- In this book, I use the terms ‘microbiota’ and ‘microbiome’ interchangeably. Some scientists will argue that microbiota means the organisms themselves, while microbiome refers to their collective genes. But one of the very first uses of microbiome, back in 1988, used the term to talk about a group of microbes living in a given place. That definition persists today – it emphasises the ‘biome’ bit, which refers to a community, rather than the ‘ome’ best, which refers to the world of genomes.
- This imagery was first used by the ecologist Clair Folsome (Folsome, 1985).
- Sponges: Thacker and Freeman, 2012; placozoans: personal communication from Nicole Dubilier and Margaret McFall-Ngai.
My gut feeling: This book is a fine example of popular science writing, and has much to teach us about the everyday workings of our bodies. It’s one of my three favorites from the shortlist.
See also: Paul’s review at Nudge
Shortlist strategy: Tomorrow I’ll post a quick response to David France’s How to Survive a Plague, and on Sunday we will announce our shadow panel winner.
I was delighted to be asked to participate in the Wellcome Book Prize blog tour. See below for details of where other reviews and features have appeared or will be appearing soon.
And if you are within striking distance of London, please consider coming to one of the shortlist events being held this Saturday and Sunday.
Review: The Birth of the Pill by Jonathan Eig
The development of the birth control pill: this seems like an odd topic for my first book review on the new blog, but I’ll go with it. I have a special love for nonfiction that incorporates many different genres: history, biography, popular science, sociology, and so on. (See my next-to-last paragraph for some other examples of books that do this well.)
This is an epic adventure starring four unlikely heroes: two middle-aged doctors, Gregory Pincus, fired by Harvard, and John Rock, a Catholic; and two older ladies, Margaret Sanger, who left her first husband and family and grew increasingly addicted to alcohol and prescription pills, and Katharine McCormick, whose mentally ill husband died and left her with a huge fortune she dug into the birth control movement.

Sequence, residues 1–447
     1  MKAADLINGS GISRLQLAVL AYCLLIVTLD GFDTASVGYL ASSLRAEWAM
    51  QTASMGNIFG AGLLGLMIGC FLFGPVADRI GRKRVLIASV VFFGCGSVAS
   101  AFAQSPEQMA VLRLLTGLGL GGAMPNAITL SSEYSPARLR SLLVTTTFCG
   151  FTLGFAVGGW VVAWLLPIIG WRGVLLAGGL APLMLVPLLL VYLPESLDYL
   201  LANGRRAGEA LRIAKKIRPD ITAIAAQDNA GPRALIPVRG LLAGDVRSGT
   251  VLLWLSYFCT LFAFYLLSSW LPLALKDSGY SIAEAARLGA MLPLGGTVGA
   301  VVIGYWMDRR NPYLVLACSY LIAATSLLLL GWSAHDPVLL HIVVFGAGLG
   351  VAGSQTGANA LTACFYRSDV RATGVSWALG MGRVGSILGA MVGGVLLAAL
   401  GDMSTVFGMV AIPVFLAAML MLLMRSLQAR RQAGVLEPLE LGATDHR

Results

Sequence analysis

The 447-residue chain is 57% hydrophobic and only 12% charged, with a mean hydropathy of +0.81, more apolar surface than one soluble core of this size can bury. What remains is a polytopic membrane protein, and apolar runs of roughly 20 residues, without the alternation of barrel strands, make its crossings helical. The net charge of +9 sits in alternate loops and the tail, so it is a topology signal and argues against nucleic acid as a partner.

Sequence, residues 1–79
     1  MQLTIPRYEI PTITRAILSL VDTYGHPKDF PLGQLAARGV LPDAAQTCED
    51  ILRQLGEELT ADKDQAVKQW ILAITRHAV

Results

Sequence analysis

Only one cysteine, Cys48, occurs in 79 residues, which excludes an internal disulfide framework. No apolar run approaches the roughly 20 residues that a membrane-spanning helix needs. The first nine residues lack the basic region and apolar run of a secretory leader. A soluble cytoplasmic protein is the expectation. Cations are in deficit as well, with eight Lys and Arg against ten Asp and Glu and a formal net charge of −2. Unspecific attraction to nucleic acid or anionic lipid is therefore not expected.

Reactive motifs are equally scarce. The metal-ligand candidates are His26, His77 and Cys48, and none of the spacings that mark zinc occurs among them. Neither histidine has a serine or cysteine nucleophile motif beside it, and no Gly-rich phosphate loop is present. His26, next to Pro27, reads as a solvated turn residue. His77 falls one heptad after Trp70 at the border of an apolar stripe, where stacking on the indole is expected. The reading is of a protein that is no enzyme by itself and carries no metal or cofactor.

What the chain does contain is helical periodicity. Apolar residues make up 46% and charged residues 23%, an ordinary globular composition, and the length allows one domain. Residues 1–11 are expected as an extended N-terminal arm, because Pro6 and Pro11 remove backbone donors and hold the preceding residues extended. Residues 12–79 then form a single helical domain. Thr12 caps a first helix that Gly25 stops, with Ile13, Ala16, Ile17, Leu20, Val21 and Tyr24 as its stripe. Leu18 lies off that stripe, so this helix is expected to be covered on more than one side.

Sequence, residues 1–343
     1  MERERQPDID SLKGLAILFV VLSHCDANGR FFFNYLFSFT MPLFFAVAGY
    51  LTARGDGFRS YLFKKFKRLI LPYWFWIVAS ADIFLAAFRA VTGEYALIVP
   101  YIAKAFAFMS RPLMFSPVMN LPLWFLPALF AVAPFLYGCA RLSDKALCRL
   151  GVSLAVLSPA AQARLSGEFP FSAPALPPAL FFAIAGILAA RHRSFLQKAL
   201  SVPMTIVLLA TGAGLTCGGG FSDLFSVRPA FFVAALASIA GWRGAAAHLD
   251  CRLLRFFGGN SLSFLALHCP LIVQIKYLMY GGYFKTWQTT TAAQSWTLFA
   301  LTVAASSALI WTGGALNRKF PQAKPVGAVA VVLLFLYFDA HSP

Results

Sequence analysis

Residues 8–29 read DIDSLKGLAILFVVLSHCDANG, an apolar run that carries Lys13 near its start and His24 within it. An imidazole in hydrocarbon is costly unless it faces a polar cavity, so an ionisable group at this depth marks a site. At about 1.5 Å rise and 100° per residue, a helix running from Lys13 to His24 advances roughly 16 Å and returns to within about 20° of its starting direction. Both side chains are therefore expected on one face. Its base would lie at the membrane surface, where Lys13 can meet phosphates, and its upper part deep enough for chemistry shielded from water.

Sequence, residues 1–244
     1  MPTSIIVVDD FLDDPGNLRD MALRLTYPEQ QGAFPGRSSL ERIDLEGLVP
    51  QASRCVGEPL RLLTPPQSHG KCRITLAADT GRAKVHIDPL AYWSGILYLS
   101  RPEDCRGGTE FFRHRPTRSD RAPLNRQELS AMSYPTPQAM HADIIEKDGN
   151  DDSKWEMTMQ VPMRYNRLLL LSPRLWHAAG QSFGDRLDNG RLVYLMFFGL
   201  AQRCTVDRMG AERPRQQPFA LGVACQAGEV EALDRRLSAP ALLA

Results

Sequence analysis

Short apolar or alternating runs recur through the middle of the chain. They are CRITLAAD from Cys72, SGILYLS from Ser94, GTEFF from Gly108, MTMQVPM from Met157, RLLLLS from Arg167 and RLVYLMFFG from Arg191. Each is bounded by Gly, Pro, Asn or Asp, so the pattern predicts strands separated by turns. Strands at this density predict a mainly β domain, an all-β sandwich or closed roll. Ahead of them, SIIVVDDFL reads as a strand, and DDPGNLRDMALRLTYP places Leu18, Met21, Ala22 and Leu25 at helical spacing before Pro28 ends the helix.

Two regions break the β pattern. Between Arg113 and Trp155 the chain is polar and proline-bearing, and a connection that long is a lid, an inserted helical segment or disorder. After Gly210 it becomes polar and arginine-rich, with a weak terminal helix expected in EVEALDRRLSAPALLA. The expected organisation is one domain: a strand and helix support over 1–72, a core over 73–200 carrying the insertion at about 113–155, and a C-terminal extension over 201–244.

From testing progesterone on rabbits to the desperate hunt for human test subjects in Puerto Rico and in a Massachusetts mental hospital, it is a tale full of surprises. When first presented to American doctors and the FDA, the contraceptive pill – then known as Enovid – was billed as an infertility drug: It regulated periods to make it more likely that women would then get pregnant after going off it. Pincus et al. conveniently failed to mention that it also prevented ovulation. I never would have expected a Trojan horse story.
Margaret Sanger was given a hero’s welcome on every trip to Japan, but she also had an unfortunate association with the eugenics movement – an inevitable offshoot of concerns about overpopulation? She once said that parents should have to apply for the right to have children just like immigrants have to apply for visas. The best random piece of trivia I came across here was that Prescott S. Bush, father of George and grandfather of Dubya, was the treasurer for Planned Parenthood’s first nationwide fundraising campaign in 1947. You can bet the Bush family has tried to cover that one up!
“Religion is a very poor scientist,” John Rock was known to say. The fight to have the Catholic Church change its position on birth control is an important background narrative in this book. The sexual revolution and the personal decision to contravene Catholic doctrine regarding contraception is also a major component of Quite a Good Time to Be Born, David Lodge’s recent memoir. It’s always fun when similar ideas come up in multiple books at the same time.
Jonathan Eig was previously known for his sports biographies, and there’s plenty of action and narrative here. Like the best science writers (Rebecca Skloot in The Immortal Life of Henrietta Lacks, David Quammen in Spillover, Atul Gawande in Being Mortal, or Siddhartha Mukherjee in The Emperor of All Maladies), he tells a story rich with three-dimensional characters.
We have a family legend about a Swiss ancestor who admitted herself to a mental asylum (then euphemistically called a sanatorium) in upstate New York in 1922 rather than have more children. She already had nine kids (one more died in infancy); she was tired and overworked. If this was what it took to keep her husband from making her pregnant again, so be it. She and thousands of housewives like her never could have guessed that one day (in 1960, to be precise) a simple pill could limit their family size. This is what this book is all about: the quest to give women control over their lives.